With both vacuum and hydraulic boosters, the input rod from the brake pedal enters the booster and is intercepted and routed through the boost mechanism. However, in both cases, should the boost system fail, the pedal input rod will still contact the input rod at the master cylinder to operate the master correctly. This fully manual fail-safe mode allows the brakes to still operate unboosted, should the boost system fail.
There are a number of aftermarket suppliers that offer disc-brake conversions for rear axles. Disc brakes offer several advantages over drum brakes. Since the friction surface (rotor) is exposed, disc brakes cool much quicker than drum brakes. There is also no problem with the friction surface deflecting as there is a pad pushing on each side of the rotor. Disc brakes do not retain water as do drum brakes. Disc brakes are also lighter in weight, easier to service, and brake more consistently, so are less likely to pull to one side.
Drum brakes have several disadvantages. First, when used extensively, they may be prone to brake fade as the iron drum expands and wants to move away from the brake shoes. Drum brakes also tend to retain water and mud and are not as self-cleaning as disc brakes. There is one disadvantage to disc brakes when compared to drum brakes. Self-energizing drum brakes are actually designed to pull the drum brake shoe into the drum when the brakes are applied. This offers the driver some mechanical advantage. Disc brake pads are flat and run entirely parallel to the rotor surface. There is no such self-energizing action with discs. To compensate, larger calipers and a master cylinder booster may be added to the system.
There are three varieties of disc brake calipers: fixed calipers, floating calipers, and sliding calipers. A fixed caliper has a piston, or pistons, on each side of the rotor. The caliper is solidly bolted to the steering knuckle or other caliper mount. Pistons move equally from each side of the rotor to apply pressure directly on both sides of the rotor. Most fixed calipers are assembled from two castings that are bolted together. Passages within the two halves allow brake fluid to flow to pistons on both sides. This style of caliper often offers the best braking performance, but is also a more expensive option due to the greater complexity and higher parts count.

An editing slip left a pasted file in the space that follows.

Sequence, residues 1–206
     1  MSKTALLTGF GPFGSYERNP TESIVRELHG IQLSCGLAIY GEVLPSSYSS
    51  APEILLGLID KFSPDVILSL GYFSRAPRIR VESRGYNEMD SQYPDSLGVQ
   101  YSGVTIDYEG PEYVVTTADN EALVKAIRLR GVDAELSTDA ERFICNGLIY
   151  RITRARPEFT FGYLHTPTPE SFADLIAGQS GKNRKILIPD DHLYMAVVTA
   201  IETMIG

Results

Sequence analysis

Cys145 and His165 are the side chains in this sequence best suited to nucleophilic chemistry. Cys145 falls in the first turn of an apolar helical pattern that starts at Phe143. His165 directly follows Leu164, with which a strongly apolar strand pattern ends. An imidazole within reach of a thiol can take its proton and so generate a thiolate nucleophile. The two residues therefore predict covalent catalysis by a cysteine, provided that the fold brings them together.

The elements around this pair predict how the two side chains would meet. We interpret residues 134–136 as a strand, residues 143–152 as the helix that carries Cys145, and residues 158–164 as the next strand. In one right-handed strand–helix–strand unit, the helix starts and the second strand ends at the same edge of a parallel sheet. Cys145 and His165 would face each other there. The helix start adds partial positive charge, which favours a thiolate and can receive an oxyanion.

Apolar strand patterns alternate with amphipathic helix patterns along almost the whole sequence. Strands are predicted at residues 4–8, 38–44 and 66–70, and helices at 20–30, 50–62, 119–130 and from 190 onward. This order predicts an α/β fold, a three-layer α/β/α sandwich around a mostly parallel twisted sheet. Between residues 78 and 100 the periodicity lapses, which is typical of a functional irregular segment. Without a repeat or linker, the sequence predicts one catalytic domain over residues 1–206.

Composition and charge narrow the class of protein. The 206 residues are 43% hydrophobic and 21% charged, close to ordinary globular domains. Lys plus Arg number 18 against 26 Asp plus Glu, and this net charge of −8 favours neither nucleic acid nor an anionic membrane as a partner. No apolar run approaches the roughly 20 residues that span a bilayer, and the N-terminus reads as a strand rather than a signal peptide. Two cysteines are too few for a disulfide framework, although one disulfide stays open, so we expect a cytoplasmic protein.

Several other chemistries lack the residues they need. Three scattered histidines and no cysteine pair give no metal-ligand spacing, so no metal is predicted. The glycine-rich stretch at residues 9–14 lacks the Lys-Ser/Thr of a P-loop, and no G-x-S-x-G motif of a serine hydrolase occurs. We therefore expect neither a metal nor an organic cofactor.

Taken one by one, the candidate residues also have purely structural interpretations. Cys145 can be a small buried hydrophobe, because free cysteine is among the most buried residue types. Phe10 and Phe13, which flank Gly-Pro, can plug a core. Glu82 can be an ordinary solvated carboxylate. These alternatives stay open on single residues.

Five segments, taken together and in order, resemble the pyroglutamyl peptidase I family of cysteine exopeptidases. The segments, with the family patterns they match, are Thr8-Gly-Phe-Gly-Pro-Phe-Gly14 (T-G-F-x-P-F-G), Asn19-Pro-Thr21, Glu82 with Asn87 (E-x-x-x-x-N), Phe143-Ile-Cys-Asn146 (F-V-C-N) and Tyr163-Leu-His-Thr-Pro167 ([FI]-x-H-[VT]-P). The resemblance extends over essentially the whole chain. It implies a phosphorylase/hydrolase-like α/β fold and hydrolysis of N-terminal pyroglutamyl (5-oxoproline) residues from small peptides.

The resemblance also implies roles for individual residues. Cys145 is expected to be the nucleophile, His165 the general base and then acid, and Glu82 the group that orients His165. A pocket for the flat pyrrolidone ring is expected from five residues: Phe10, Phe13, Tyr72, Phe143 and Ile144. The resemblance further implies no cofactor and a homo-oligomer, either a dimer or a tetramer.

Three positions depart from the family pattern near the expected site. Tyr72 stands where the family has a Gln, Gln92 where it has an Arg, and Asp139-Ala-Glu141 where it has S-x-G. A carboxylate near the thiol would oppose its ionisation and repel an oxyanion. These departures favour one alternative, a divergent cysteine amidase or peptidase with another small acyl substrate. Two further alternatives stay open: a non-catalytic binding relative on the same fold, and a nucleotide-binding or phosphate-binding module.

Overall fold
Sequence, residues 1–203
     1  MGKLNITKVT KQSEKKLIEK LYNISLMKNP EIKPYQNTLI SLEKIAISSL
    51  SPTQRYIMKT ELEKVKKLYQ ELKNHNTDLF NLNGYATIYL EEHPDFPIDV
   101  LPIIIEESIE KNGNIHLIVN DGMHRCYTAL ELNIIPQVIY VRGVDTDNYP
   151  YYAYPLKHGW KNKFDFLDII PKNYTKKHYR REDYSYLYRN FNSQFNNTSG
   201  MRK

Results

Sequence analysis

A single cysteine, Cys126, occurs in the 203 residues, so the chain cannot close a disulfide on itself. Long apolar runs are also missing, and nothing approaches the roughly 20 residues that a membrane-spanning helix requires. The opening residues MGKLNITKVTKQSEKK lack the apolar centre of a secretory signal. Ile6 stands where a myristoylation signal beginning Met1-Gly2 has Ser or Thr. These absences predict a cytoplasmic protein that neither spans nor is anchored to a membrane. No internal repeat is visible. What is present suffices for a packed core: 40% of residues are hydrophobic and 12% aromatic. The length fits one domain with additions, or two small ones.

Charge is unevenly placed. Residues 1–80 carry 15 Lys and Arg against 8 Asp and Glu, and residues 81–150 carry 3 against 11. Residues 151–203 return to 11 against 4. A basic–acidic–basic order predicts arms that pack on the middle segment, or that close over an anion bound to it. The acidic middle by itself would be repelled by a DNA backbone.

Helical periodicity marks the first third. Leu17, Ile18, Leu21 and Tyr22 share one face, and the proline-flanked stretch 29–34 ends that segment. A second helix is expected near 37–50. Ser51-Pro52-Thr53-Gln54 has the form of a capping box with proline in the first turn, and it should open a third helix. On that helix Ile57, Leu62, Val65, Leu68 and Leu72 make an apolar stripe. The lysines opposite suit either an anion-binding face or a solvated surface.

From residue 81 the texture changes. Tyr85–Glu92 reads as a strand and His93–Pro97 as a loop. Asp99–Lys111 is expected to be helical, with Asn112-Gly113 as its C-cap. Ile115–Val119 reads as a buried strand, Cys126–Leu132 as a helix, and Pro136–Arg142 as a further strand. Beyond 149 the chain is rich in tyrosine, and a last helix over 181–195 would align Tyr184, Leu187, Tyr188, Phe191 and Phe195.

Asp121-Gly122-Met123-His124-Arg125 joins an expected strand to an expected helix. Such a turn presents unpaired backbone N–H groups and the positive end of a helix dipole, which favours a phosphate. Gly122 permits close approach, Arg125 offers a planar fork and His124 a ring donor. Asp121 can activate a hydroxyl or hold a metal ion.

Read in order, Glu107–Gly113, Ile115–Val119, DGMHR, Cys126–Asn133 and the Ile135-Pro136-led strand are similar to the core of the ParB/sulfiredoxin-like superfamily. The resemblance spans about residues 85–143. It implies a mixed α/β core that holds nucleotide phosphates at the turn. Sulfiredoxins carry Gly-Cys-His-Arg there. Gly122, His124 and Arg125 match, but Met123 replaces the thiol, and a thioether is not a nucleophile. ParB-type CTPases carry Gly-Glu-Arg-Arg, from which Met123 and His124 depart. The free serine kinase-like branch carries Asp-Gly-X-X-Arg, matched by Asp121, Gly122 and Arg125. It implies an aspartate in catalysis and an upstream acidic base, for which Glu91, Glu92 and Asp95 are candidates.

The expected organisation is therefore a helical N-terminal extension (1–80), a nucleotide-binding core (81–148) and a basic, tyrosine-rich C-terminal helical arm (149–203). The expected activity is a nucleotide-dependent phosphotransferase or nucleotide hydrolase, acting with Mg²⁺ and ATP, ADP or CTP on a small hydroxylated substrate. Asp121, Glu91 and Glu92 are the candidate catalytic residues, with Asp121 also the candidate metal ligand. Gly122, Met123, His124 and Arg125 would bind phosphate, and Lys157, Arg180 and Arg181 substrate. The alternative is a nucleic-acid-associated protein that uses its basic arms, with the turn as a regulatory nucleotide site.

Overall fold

In contrast, a floating caliper has a single large piston (or two smaller ones in some cases) located on the inboard side of the caliper. Since force must be applied equally to both sides of the rotor, the floating caliper must be able to actuate both pads. The caliper is bolted to the mount with special pins, and the caliper slides back and forth on sleeves or bushings. The inboard pad sits directly on the piston. The outboard pad sits within the caliper frame. When the brakes are applied, the piston moves outward pushing the inboard pad into the rotor. Simultaneously, the force exerted backwards from the piston onto the caliper frame causes the frame to move inboard, bringing the outboard pad into contact with the rotor. In this way, both pads press on the rotor. One advantage of a floating caliper is that the moving caliper design can better tolerate the movement of a warped rotor than a fixed caliper can.